Fachbereich Veterinärmedizin



    Marek's disease virus expresses multiple UL44 (gC) variants through mRNA splicing that are all required for efficient horizontal transmission (2012)

    Zeitschriftenartikel / wissenschaftlicher Beitrag
    Jarosinski, Keith W
    Osterrieder, Nikolaus (WE 5)
    Journal of virology; 86(15) — S. 7896–7906
    ISSN: 0022-538x
    DOI: 10.1128/JVI.00908-12
    Pubmed: 22593168
    Institut für Virologie

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    Abstract / Zusammenfassung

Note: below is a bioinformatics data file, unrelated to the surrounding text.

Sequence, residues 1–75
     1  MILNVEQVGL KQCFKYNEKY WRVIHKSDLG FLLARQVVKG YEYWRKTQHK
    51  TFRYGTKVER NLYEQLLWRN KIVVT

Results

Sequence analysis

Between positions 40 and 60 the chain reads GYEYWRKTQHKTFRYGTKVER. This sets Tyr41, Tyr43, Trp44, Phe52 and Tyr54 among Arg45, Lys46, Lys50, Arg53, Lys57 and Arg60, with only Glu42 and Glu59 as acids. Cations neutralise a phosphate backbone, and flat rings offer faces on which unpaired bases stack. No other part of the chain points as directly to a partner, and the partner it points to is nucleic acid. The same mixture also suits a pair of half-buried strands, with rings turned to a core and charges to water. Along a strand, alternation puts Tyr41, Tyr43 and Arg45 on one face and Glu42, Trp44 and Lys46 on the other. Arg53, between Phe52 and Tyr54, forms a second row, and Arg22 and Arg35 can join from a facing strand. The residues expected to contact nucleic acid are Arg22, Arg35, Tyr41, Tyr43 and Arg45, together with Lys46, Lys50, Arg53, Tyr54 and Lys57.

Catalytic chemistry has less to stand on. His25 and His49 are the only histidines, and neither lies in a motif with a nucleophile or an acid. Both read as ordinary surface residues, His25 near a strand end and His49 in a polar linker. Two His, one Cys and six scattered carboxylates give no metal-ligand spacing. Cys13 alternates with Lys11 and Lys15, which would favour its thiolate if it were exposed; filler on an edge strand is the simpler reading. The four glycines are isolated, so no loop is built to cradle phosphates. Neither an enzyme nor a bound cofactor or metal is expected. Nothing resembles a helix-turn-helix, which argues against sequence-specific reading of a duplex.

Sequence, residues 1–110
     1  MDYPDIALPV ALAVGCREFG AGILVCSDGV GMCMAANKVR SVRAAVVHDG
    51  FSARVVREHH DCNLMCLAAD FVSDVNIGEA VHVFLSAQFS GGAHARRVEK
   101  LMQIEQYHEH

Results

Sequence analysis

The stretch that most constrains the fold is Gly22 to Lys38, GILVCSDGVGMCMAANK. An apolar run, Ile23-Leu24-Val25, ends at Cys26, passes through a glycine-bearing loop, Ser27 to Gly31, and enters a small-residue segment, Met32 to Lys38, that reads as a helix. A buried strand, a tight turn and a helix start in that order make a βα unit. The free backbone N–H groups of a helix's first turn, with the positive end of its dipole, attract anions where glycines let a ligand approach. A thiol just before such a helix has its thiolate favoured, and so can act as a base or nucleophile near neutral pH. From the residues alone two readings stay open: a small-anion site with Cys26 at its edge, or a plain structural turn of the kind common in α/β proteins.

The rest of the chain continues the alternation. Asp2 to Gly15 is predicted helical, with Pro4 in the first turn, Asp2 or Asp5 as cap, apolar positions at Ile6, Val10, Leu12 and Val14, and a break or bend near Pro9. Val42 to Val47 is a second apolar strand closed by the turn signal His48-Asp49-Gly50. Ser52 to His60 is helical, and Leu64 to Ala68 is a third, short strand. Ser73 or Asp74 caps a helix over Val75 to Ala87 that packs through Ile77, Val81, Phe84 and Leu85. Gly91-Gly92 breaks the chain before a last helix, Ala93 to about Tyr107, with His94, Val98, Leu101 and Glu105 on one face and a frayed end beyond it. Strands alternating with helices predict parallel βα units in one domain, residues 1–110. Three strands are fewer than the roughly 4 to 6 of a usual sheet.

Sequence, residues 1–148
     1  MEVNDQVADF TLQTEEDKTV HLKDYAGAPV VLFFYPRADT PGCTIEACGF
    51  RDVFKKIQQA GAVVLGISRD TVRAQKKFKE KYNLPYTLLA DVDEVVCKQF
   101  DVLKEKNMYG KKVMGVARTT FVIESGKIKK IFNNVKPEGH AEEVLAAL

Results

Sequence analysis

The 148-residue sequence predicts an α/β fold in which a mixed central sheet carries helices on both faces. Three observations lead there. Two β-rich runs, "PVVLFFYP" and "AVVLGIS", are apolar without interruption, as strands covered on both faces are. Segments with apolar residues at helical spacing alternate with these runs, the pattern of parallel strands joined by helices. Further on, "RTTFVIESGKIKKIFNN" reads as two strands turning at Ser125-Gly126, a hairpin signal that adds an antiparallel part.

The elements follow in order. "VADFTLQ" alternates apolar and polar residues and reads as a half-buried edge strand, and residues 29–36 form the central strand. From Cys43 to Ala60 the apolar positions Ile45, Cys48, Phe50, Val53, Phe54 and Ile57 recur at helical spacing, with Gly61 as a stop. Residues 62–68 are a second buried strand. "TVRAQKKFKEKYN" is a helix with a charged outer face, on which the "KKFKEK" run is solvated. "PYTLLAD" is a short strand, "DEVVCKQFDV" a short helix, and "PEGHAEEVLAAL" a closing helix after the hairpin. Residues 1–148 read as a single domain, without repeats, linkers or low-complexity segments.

Marek's disease (MD) is a devastating oncogenic viral disease of chickens caused by Gallid herpesvirus 2, or MD virus (MDV). MDV glycoprotein C (gC) is encoded by the alphaherpesvirus UL44 homolog and is essential for the horizontal transmission of MDV (K. W. Jarosinski and N. Osterrieder, J. Virol. 84:7911-7916, 2010). Alphaherpesvirus gC proteins are type 1 membrane proteins and are generally anchored in cellular membranes and the virion envelope by a short transmembrane domain. However, the majority of MDV gC is secreted in vitro, although secondary-structure analyses predict a carboxy-terminal transmembrane domain. In this report, two alternative mRNA splice variants were identified by reverse transcription (RT)-PCR analyses, and the encoded proteins were predicted to specify premature stop codons that would lead to gC proteins that lack the transmembrane domain. Based on the size of the intron removed for each UL44 (gC) transcript, they were termed gC104 and gC145. Recombinant MDV viruses were generated in which only full-length viral gC (vgCfull), gC104 (vgC104), or gC145 (vgC145) was expressed. Predictably, gCfull was expressed predominantly as a membrane-associated protein, while both gC104 and gC145 were secreted, suggesting that the dominant gC variants expressed in vitro are the spliced variants. In experimentally infected chickens, the expression of each of the gC variants individually did not alter replication or disease induction. However, horizontal transmission was reduced compared to that of wild-type or revertant viruses when the expression of only a single gC was allowed, indicating that all three forms of gC are required for the efficient transmission of MDV in chickens.